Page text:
Palestinian families facing eviction from their homes in Jerusalem's Sheikh Jarrah neighbourhood today turned down an Israeli court's offer to provide them 'protected residence' status, saying that if they pay rent to the settler organisation which claims the land on which their homes are built, their properties will not be demolished, a member of one of the families said.
"The people of Sheikh Jarrah rejected the settlement proposal," the family member and social media activist Mohammed El-Kurd tweeted.
Statement from the families of Sheikh Jarrah pic.twitter.com/737MFmUwyW
— Mohammed El-Kurd (@m7mdkurd) November 2, 2021
Israeli High Court of Justice (HCJ) made the offer last month, with Israeli media outlets calling it a "compromise", Palestinians have, however, refused to agree to a ruling which would see their land and homes taken from them and handed to settler groups.
The ruling would list Jewish-owned Nahalat Shimon company as the owners of the property and the three Palestinian families would be forced to pay rent biennially in the sum of 2,400 shekels ($743). The Palestinian families would al
so agree to pay legal and court costs in the sum of 30,000 shekels ($9,282) to the Nahalat Shimon Company. The court added that over the 15 years, the land ownership issue can be adjudicated.
The court gave the two sides until today to present their own amendments to the proposal, but warned that it will issue a binding rule if the proposal is rejected.
The decision will have serious repercussions for other Palestinian families who all face eviction from their homes by Israeli settlers. Their legal case is based on the claim that Jews owned the land prior to their eviction in 1948.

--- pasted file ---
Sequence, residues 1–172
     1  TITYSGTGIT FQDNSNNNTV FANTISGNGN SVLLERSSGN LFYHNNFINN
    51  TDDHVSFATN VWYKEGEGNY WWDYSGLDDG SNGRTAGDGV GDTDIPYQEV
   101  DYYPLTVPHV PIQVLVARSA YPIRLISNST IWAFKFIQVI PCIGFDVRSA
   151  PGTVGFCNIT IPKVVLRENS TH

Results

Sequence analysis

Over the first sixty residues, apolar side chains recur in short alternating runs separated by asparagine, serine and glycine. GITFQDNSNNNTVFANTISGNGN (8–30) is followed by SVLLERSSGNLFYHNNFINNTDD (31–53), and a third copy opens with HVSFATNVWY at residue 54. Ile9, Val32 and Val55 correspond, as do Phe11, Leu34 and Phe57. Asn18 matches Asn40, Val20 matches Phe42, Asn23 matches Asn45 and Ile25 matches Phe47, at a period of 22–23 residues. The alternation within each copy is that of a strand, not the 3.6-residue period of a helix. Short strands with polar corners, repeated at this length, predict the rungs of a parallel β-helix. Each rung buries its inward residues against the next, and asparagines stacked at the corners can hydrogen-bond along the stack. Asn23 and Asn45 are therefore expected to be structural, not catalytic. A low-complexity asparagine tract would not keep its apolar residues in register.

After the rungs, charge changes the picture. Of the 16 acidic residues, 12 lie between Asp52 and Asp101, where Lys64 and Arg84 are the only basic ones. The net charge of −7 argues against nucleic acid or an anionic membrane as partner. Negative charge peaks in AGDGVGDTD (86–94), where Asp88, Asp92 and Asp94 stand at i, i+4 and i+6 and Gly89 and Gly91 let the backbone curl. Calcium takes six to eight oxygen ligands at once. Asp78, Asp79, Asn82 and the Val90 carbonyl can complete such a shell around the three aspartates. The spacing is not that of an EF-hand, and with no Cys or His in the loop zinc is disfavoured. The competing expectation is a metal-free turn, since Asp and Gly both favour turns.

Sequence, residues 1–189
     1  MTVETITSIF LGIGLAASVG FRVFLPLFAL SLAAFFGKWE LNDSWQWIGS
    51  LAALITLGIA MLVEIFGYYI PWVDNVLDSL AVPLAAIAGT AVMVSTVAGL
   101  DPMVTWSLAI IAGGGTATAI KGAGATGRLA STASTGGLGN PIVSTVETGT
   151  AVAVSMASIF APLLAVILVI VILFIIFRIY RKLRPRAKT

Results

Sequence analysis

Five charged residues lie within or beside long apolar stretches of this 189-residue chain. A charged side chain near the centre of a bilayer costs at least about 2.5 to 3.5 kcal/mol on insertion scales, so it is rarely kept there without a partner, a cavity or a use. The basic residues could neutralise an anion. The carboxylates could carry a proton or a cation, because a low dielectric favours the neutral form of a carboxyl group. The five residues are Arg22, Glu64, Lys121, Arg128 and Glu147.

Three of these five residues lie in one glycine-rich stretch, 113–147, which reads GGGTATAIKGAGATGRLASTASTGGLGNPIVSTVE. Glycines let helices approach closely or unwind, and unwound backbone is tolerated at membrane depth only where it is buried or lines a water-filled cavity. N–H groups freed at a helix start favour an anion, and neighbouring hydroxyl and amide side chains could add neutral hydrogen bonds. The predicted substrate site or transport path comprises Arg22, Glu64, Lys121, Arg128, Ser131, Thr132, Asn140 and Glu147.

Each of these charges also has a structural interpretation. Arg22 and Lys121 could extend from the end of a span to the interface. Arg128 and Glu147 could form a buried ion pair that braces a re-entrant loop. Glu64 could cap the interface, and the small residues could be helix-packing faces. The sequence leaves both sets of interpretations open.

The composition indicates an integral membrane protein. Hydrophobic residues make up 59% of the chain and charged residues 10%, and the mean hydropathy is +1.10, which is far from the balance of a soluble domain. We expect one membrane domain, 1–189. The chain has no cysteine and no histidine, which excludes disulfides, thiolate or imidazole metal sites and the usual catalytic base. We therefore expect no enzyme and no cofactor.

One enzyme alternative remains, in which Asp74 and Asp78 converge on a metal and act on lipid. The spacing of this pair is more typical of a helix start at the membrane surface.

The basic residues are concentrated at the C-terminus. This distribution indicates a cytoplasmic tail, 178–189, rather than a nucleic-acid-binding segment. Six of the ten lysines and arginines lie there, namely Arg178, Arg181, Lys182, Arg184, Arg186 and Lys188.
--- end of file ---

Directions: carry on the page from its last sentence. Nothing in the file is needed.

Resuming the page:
Currently, there are open eviction lawsuits against a total of approximately 50-60 families in Sheikh Jarrah (30 families – Kerem Al-Jaouni section and 20-30 families – Um Haroun section), which are at various stages of legal proceedings.
"Without the public's knowledge, the authorities have been discreetly registering land rights of properties in Um Haroun to alleged Jewish owners. Such a move is unprecedented and has potential acute ramifications on Palestinian properties not only in Sheikh Jarrah but across East Jerusalem," Israeli rights group Ir Amim said on its website, "which could ultimately lead to widespread Palestinian dispossession in the city and expansion of Jewish settlement."
Under Israeli law Jews are eligible to seek compensation and reclaim land they consider theirs. No such right however is afforded to the 750,000 Palestinians that were ethnically cleansed during 1947/48 including hundreds of thousands that remained within the state of Israel.